Because Bindlestiff fulfilled so many needs for Filipinos in various places on Nieto’s and Marcia’s spectrums, it was able to be a safe space to delve even deeper into issues of identity.  Bindlestiff as a cultural center was many things, including but not limited to a place to see others that look like yourself, talk like yourself, have similar customs, rituals, problems with/connections to the parents and ancestors, and experiences of racism.  It was also a place to meet other people who are exploring their identity in the same development stage as or in a more developed stage, a place to escape the difficulties of home or childhood, and to find acceptance.  It was a place of family and community, a place to create art and be inspired by other artists, learn the technical skills of theatre and the business of running a theatre, and to improve the skill or working with others.  Most importantly it was a place to invite those close to you so as to share what you have gained, a place to not only create art, but create art collaboratively with others, and a place to express to other members of your target group, as well as those of the agent group, who you are.  Because Bindlestiff acted as a refuge from injustice and oppression, as well as family differences, it aided those in Marcia’s more white, western-centric stages, as well as those in Nieto’s multicultural stages. The artists were more able to feel safe and accepted, and thus open up and explore their issues, whatever the source.  This may be why, 14 years after Bindlestiff became a Filipino American performing arts venue, I am still connected to and support the theatre.  Many of the above mentioned benefits of the space helped teach me about race and my role in the privileged power structure.  Many of the other benefits had nothing to do with race, but of being productive, expressive, and connected with others.  Since a key component to effective drama therapy is creating a safe space (Emunah 1994) (Landy1994), the existence of Bindlestiff helped cultivate not just shows like Babae and Bomba, but every meeting, rehearsal, and performance that occurred within its black walls.  The catharsis of Babae or Bomba could not have occurred in the same way if explored in a white production, in a white theatre for a white-only audience.  Being in the space itself was empowering, as was the fact that each of the white actors were willing to be in a show that wasn’t on their usual, privileged terms.

My Feelings and Reactions as a White Man
Some of my deepest connections to others have been through theatre techniques.  Though many of these explorations did not deal with cultural issues, I got to know other Filipino-American’s in ways I couldn’t have if it were not in the play space.  If I had simply seen the plays, and explored my own feelings about them through art, or with other whites, I would have become more aware of my own feelings, but still seen them from my own point of view, much as Coseo (1997) does in her paper on working with black youth.  I did my own writing and processing, but I did much more exploring with other artists in the play space.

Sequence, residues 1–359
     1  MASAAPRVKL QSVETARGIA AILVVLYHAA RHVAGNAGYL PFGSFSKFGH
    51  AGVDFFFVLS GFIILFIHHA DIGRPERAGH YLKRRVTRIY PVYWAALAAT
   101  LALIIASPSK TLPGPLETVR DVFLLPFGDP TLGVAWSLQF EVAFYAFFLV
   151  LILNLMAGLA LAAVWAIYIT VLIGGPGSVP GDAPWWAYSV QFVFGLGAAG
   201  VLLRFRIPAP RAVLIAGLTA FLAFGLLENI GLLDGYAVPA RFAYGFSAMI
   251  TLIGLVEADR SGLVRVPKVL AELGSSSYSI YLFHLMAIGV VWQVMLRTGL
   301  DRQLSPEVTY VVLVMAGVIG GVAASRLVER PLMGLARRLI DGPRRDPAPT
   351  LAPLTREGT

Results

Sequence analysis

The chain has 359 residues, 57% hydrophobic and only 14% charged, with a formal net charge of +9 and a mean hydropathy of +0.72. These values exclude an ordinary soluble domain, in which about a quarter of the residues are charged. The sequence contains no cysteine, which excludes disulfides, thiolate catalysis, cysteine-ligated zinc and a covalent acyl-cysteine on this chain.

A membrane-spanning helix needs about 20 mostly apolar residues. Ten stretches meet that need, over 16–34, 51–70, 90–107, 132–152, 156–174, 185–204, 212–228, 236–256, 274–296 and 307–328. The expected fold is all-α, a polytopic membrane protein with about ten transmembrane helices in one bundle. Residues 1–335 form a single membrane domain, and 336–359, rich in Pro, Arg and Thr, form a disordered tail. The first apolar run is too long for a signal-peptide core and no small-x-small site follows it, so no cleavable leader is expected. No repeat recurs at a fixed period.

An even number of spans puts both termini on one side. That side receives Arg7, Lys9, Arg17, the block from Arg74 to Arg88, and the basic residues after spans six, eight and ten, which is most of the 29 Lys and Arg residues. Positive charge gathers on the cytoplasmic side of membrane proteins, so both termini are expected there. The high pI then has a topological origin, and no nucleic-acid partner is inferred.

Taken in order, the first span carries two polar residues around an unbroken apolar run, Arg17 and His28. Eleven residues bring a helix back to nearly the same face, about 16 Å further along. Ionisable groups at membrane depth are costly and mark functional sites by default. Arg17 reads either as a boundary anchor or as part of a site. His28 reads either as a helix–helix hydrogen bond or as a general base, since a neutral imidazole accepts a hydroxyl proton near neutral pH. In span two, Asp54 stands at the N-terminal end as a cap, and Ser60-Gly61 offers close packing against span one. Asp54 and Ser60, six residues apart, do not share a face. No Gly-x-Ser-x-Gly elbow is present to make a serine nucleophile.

My most memorable experiences in the play space occurred during the rehearsals and performance for the play Coconut Masquerade by Melinda Corazon Foley.  Because Foley, of mixed Filipino and Irish descent, based the play on her own life, there was a charged atmosphere to the rehearsals.  Besides the dichotomy of race, the show also explored the generation gap with her parents, the experience of Vietnam Veterans, and power of the past.  Behind the scenes we had a combination of spoken word poets and actors, as well as changes in the management of the theatre. All of these aspects of the show made every rehearsal feel charged with an energy that could make or break us.  When our director got chicken pox it seemed the show would implode.  Our new director couldn’t begin for another week, so I filled the interim time with different theatre warm-ups I had learned as well as some I developed on the spot.  The techniques usually involved the embodiment of our characters and playing out times that weren’t depicted in the play.  I took Foley’s character back in time to when she was a child, and we had a family dinner, exploring the impetus of many of the family’s problems.  Foley basically played herself in the show, but over the months of rehearsal we began to identify with our characters more and more.  Since I played a veteran, sometimes I came to the theatre early to prepare.  I put on some chaotic music, grabbed a prop rifle, and stalked around for hours in the dark.  After a few minutes alone in the dark I entered an altered state of hyper-vigilance.  In the play there is a particularly intense scene with my character and his wife, in which she pours her heart out and he, burned out from PTSD, simply watches television.  On the closing night of our run, my wife became so frustrated that she grabbed the remote control and flung it against the wall.  I remember my actions as if I weren’t myself.  I began to laugh quietly, mirthlessly, then louder, at what we had become.  It was the most non-myself I’ve ever felt.  Ever since I have felt a particular affinity for the struggle of veterans returning to society.  At the end of the run, Foley said I was like a shaman.  Snow (2009) sheds some light on this as he points toward the connection between ritual, theatre and therapy.  These types of exercises helped me bond with my fellow actors, many of whom were Filipino-Americans.  Whether the scenes explored racism or not, they explored who we were on a deep level.  Because of this I became a true ally, in the sense that their struggles for identity and social justice were as real, as valid, as tangible as my own.  Thus, my subsequent work with the theatre was not because I had romanticized their culture, or wanted to live vicariously through them, but because they, as people, were real.